While he’s out, Clippard will lock down the ninth inning. Clippard usually leads the league in holds, and he closed for the Nationals in 2012. His fastball, changeup, splitter repertoire allows all three pitches to play up. The result is plenty of punch outs and weak contact. Not only does he strikeout between 25 and 30 percent of hitters (10.49 K/9 in 2014), he also induces a high infield fly rate. The result is a free out from roughly 40 percent of hitters. He is climbing draft boards, but remains underpriced.
Apparently satisfied with the outfield, Beane acquired a new infield for 2015. There is no Donaldson in the group, but Ike Davis, Billy Butler, Zobrist, Semien, and Lawrie could outperform the 2014 squad.
When hidden from left-handed pitching, Davis remains a potential monster. His power declined precipitously over the last two seasons, but he also dealt with nagging injuries. It’s a make or break year for him from a power perspective. The A’s intend to platoon him with Billy Butler. Davis is available after pick 400, while Butler isn’t even first base eligible in some formats.
Semien, Zobrist, and Lawrie are all multi-position eligible in most leagues. That flexibility makes them solid core players for fantasy owners. Semien is still developing as a hitter, so expect some bumpy play. If and when he breaks out, he’s a potential five category contributor. He has enough pop for 10 to 15 home runs with 10 stolen bases. He might be too patient at the plate.
Zobrist isn’t the same fantasy monster he was in 2012, but he still offers solid value. There’s no reason he can’t replicate his 10 home run, 10 steal 2014 with solid run production. He’ll continue to hit in a prominent position in the lineup. There are decent alternatives around his average ADP of 156. He’s a good pick if you need flexibility and modest five category production.
Most, including Lawrie himself, hope that a move from the Rogers Centre artificial turf will rejuvenate his career. The former top prospect has failed to deliver on the promise of his 2011 rookie campaign. His development is perhaps a cautionary tale for Mookie Betts owners (personally, I’m not concerned).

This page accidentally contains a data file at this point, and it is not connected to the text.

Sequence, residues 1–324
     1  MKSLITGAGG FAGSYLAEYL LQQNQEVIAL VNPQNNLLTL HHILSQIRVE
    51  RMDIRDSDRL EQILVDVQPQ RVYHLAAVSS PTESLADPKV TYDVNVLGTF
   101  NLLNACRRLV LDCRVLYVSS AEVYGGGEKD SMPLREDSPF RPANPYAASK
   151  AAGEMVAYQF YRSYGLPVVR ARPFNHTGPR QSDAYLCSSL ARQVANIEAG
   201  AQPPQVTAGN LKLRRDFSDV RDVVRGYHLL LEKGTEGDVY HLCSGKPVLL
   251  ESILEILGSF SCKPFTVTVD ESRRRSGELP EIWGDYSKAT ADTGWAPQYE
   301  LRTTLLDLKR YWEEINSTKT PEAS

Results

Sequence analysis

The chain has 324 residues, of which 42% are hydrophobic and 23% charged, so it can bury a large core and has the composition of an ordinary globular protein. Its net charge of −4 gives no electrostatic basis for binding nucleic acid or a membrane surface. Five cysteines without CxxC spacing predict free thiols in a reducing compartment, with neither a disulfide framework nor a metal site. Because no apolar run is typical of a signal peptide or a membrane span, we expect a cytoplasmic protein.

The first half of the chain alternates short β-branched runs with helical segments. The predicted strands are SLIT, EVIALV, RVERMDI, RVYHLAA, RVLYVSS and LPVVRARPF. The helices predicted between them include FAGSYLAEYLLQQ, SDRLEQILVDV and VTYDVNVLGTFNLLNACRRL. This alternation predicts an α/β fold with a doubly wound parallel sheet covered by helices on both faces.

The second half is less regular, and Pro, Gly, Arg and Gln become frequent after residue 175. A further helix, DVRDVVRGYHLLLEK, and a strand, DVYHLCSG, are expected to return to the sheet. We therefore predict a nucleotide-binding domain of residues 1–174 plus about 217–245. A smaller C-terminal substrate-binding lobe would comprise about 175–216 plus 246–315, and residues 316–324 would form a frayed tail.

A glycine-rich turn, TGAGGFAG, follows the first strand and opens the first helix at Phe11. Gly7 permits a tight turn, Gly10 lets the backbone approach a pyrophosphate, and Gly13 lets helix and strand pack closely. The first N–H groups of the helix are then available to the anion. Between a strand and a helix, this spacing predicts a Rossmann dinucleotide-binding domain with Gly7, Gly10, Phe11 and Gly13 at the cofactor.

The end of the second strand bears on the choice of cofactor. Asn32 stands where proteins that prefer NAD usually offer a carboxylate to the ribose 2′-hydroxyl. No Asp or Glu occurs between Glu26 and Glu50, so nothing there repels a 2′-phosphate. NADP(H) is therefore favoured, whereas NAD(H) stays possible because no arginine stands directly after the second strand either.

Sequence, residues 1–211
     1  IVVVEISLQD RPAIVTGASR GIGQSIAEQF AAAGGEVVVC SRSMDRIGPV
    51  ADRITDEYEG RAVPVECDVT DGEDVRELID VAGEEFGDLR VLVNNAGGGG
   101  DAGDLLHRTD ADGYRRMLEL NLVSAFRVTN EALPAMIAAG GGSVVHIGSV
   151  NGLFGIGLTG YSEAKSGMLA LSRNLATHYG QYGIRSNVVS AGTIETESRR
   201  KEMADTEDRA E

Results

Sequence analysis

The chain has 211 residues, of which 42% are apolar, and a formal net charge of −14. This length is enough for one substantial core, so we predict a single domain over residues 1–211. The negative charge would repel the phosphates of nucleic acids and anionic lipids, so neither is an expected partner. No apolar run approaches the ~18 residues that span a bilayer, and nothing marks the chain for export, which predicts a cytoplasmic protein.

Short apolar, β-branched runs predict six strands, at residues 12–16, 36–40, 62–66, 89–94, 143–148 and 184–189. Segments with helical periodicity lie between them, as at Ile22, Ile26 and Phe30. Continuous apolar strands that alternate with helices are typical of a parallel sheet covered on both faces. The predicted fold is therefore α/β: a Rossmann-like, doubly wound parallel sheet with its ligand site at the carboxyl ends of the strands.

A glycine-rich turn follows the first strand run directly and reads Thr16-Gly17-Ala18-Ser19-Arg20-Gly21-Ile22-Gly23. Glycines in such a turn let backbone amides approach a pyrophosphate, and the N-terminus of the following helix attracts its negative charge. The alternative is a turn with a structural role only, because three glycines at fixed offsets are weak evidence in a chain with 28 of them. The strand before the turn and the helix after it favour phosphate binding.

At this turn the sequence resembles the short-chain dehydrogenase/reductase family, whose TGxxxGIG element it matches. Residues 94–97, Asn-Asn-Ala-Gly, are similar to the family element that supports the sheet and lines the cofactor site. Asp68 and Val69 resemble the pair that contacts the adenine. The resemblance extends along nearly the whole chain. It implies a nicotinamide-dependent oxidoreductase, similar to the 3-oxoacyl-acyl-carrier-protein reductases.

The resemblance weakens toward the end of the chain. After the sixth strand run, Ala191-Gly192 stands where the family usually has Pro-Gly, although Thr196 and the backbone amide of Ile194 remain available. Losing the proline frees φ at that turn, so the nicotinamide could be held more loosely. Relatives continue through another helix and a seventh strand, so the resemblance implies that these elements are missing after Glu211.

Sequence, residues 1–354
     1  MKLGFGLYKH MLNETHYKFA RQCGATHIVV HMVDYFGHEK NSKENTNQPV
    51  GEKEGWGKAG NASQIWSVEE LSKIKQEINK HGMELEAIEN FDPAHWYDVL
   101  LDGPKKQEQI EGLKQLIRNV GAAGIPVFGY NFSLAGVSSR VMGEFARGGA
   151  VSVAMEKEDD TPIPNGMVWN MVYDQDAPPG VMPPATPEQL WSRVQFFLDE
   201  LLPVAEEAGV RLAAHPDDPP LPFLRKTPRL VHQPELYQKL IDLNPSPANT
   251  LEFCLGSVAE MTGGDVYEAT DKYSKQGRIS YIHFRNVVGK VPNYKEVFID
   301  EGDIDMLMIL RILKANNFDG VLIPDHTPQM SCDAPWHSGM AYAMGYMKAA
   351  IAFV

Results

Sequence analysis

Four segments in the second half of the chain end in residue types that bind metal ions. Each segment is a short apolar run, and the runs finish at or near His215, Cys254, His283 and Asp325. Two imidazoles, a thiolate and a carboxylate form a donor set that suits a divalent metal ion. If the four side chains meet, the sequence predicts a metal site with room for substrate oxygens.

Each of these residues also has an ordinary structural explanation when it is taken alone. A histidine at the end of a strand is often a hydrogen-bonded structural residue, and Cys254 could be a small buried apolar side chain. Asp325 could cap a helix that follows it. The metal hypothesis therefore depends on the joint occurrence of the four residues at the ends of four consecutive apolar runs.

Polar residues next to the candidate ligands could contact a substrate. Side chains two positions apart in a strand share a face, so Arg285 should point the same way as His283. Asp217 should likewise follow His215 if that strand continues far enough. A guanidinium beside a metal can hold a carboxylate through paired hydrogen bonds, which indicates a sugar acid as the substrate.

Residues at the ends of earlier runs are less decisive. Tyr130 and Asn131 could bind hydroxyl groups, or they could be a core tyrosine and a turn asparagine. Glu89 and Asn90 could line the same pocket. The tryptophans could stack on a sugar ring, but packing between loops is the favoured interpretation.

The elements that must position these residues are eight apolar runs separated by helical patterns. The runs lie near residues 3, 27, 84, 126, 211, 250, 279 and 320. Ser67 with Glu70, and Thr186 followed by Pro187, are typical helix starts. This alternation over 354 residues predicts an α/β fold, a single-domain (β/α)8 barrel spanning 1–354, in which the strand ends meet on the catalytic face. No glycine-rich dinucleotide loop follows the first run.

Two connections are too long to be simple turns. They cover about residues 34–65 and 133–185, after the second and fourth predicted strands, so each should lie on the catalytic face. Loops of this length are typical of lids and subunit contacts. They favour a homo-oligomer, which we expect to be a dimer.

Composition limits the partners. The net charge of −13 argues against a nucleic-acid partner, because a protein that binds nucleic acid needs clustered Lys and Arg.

Last year, a high infield fly rate dragged his average down, but it was injuries that really ruined his season. The result was a .247/.301/.421 line with 12 home runs in 282 plate appearances. The 25-year-old stopped running last year, but he stole nine bases as recently as 2013. The upside could include 20 home runs, 10 stolen bases, decent run production, and a tolerable average. The downside is another injury plagued year. Available around pick 225, there are worse upside plays.
The outfield is heavily platooned, which makes Coco Crisp, Sam Fuld, Craig Gentry, and Josh Reddick better fits for owners in shallow leagues who can stream from the waiver wire.
Rank and Outlook
The A’s are the eighth team in our power rankings. The club is marked by depth and versatility. There are value picks aplenty with Kazmir, Hahn, Clippard, Semien, and Lawrie leading the pack. Only Gray appears to be overdrafted.
Oakland should be among the contenders for a wild card slot this season. It will take a little luck to oust both the Angels and Mariners from atop the AL West. However, they’re better situated to deal with injuries and improve via midseason trade.
Fangraphs Depth Charts and Projections – http://www.fangraphs.com/depthcharts.aspx?position=Standings
BrooksBaseball – http://www.brooksbaseball.net/
NFBC ranks – http://stats.nesn.com/mlb/adp.asp?pos=SP